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Contact: Tom Parisi, NIU Office of Public Affairs
January 17, 2006
DeKalb, Ill. — When Professor Carla Montgomery penned a geology textbook in 1987, she hoped it would get students excited about the wonders of the physical world around them. But never in her wildest dreams did she expect the letter of appreciation that arrived in the mail shortly before the holiday break.
“I am writing to invite you to a performance in New York City that was inspired and informed by your book ‘Physical Geology,' ” the letter began.
“The performance integrates acrobatics, dance and theater and was inspired by the geologic and evolutionary history of the earth. Your descriptions of earth's movements and systems of change functioned as templates through which we created choreographic structures….It would be my great honor if you could attend.”
The letter was signed by Sarah East Johnson, founder and artistic director of LAVA, an award-winning Brooklyn-based troupe. Inspired by Montgomery 's textbook, the company's latest production, titled “(w)HOLE,” an acronym for the (Whole) History Of Life on Earth, opened Jan. 5 for a seven-week off-Broadway run.
“When you write a science book, you don't expect to inspire an artistic production,” Montgomery said. “But you never know how far the influence of a book extends.”
A 28-year veteran of NIU, Montgomery serves as acting associate dean in the College of Liberal Arts and Sciences and is teaching two courses this semester in the Department of Geology and Environmental Geosciences. She has authored several college-level textbooks in geology.
“Certainly the earth does a lot of exciting things; just think about the forces of nature such as volcanoes and earthquakes. But to turn that into gymnastics and acrobatics is clearly an imaginative leap,” Montgomery said. “I'm thrilled.”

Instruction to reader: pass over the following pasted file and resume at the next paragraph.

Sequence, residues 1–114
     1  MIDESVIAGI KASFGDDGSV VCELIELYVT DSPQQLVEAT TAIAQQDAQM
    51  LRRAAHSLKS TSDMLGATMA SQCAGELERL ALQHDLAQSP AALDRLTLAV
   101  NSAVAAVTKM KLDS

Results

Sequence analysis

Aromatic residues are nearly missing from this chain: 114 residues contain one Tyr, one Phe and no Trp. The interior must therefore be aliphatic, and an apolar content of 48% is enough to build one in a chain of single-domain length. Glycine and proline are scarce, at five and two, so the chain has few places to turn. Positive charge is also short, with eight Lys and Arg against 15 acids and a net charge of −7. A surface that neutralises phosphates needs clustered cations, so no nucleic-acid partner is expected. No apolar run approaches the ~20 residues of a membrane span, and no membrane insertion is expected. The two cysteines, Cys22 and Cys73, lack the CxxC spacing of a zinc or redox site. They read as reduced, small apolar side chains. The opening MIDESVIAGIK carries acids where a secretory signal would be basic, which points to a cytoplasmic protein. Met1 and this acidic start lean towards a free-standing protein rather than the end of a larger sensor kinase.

A troupe of six women, LAVA has successfully fused geology and dance in past productions that have received glowing reviews from the likes of Newsweek, the Village Voice and the New York Times. Prior to forming the company, Johnson had trained in ballet and modern dance and had performed with a circus company. Not surprisingly, she also has a keen interest in geology.
“I had taken a geology course at Brooklyn College eight or 10 years ago and ‘Physical Geology' was the text,” Johnson explained in a phone interview. “To find out that the planet was so full of movement was really inspiring to me. The information was communicated in a very dynamic way.”
With her latest production, Johnson set out to treat Montgomery's textbook as if it were a play. Geologic systems and processes—such as volcano formation, magnetic polarity reversal and rock cycles—are choreographed to dance, acrobatics, trapeze acts, music and background video images captured by Katia and Maurice Krafft, a husband-wife team of volcanologists famous for filming volcanic eruptions. (They were killed in a 1991 eruption in southwestern Japan.)
Johnson said the performance doesn't follow a narrative and isn't meant to be instructional. Rather, her intent was to link science with the emotional attachment we have to our planet. Audience members “share an experience that is informed by all of the amazing scientific research we have and the human connection to the planet we live on,” she said.
Montgomery said her course commitments will prevent her from traveling to New York this semester, but she might be able to catch a future performance. Johnson said there's a chance that the LAVA company will tour with the production later this year.